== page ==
Whether it’s the most common violation of these three Acts (ADA, Fair Housing, and Air Carrier Access) or the one that makes advocates for the disabled the angriest is a matter of debate, but the most talked-about abuse of legislation that protects the rights of disabled people has to do with “fake service dogs.”
In some cases, this is a matter of people who are not disabled trying to pass off their dogs as service dogs in order to bring their dogs with them into places dogs are not ordinarily allowed. In others, it’s people taking emotional-support dogs into places where only service dogs are allowed, such as restaurants, grocery stores, and public transportation.
The perpetrators of these violations may themselves be ignorant of the laws they are breaking, or knowingly taking advantage of the ignorance (or resignation) of the business owners or operators who could – theoretically – lawfully turn them away or even (in some states) summon law enforcement officials to enforce the health codes or other state laws that restrict non-service dogs.
Individual state laws vary. In the case of misrepresenting a pet dog as a service dog, the relevant laws often deal with the misrepresentation of the person, not the dog – meaning, it is a crime to falsely present oneself as being disabled and therefore in need of a service dog.
There is no federal law against representing a pet dog as a service dog. The Americans with Disabilities Act is a civil rights act designed to protect the rights of people with disabilities, including those who use service dogs. The ADA does not address individuals without disabilities, such as anyone who might falsely claim that a pet is a service animal.
“Because this issue does not address the civil rights of people with disabilities, it is not in our regulating authority under the ADA to issue regulations to penalize false claims that a pet is a service animal. However, we note that state civil or criminal law may already penalize such claims in some circumstances,” a Department of Justice spokesperson told us.
That’s the law, but what’s morally and ethically right? We think it’s important to keep the people that the laws are in place to protect – the disabled – foremost in consideration. When in “mixed” company, dogs who are less than perfectly behaved make it more difficult for actual service dogs to perform their own important work. Also, poorly behaved dogs may increase the slow-burning resentment of business operators toward all dogs, leading to an atmosphere of suspicion and a distinct lack of welcome.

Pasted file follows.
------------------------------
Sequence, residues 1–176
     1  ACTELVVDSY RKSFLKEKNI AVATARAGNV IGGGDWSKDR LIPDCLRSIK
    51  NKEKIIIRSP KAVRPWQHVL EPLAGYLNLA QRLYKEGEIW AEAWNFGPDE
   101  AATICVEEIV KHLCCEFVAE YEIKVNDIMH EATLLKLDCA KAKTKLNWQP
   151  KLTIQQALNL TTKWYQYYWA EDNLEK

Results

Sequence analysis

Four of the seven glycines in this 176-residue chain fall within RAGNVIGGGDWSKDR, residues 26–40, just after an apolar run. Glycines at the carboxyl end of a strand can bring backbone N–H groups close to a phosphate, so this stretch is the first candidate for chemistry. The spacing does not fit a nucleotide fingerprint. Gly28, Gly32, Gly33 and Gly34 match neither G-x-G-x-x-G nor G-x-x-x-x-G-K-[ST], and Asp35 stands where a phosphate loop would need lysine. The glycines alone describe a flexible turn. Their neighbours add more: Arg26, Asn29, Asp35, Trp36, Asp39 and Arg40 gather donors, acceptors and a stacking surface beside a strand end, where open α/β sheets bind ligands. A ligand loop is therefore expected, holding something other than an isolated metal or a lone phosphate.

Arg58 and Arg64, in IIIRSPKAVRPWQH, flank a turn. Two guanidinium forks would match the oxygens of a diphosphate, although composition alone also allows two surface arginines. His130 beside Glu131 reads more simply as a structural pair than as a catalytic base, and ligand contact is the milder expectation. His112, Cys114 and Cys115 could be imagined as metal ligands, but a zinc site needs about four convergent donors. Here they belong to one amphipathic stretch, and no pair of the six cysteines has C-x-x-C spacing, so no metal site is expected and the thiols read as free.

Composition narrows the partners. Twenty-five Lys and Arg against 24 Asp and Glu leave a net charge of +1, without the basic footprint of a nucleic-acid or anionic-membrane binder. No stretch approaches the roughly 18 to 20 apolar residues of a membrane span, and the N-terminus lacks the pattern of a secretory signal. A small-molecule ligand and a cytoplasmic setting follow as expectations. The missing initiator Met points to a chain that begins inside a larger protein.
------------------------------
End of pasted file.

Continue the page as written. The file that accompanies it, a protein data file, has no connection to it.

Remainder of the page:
How to identify a faker
This is a trick; the fact is, you can’t always identify a fake service dog, just like you often can’t always visually detect a person’s disability. As dog lovers, we can’t help but notice other dogs, especially in places that don’t welcome all dogs. And when we see dogs with people who appear perfectly abled, it can be easy to wonder why the person has a service dog and if it’s legitimate.
“Society has a lot of issues with invisible disabilities – the whole ‘you don’t look disabled’ thing,” says Matthew Karpinski, chief legal officer for The ProBoneO Program. “Just because a person doesn’t look disabled doesn’t mean he’s not. I don’t know anybody with a disabled parking placard who isn’t in a wheelchair who hasn’t been confronted by some self-efficacious person challenging them. What somebody looks like gives you no information about their disability status.”
Even assessing the dog’s behavior isn’t 100 percent accurate when it comes to spotting what you might think is a “fake” service dog. Often, the dog suspected to be a “fake” is owned by a disabled person who is doing the best she can to train her dog for public access, but whose dog might be struggling with that facet of the job.
“There are people who take a pet dog they already have and try to turn it into a service dog because they can’t afford to get or keep two dogs,” says ProBoneO’s executive director, Dailyah Rudek. “Some people will wash out a dog with problems, but many won’t; they’ll try and work through the issue because they don’t feel like they have any other options.”
“I have met several task-trained service dogs who aren’t dogs you’d want to take with you for public access because they aren’t comfortable in public,” Karpinski says. “That doesn’t mean they aren’t true service dogs, but it might mean that they are useful to their partners only at home.”
Bottom line: Whether the dog is a legitimate task-trained service dog or dog-in-training, or belongs to a pet owner trying to get away with cruising the coffee shop with his Cockapoo, if the dog is ill behaved, the problem should be immediately addressed by the business establishment.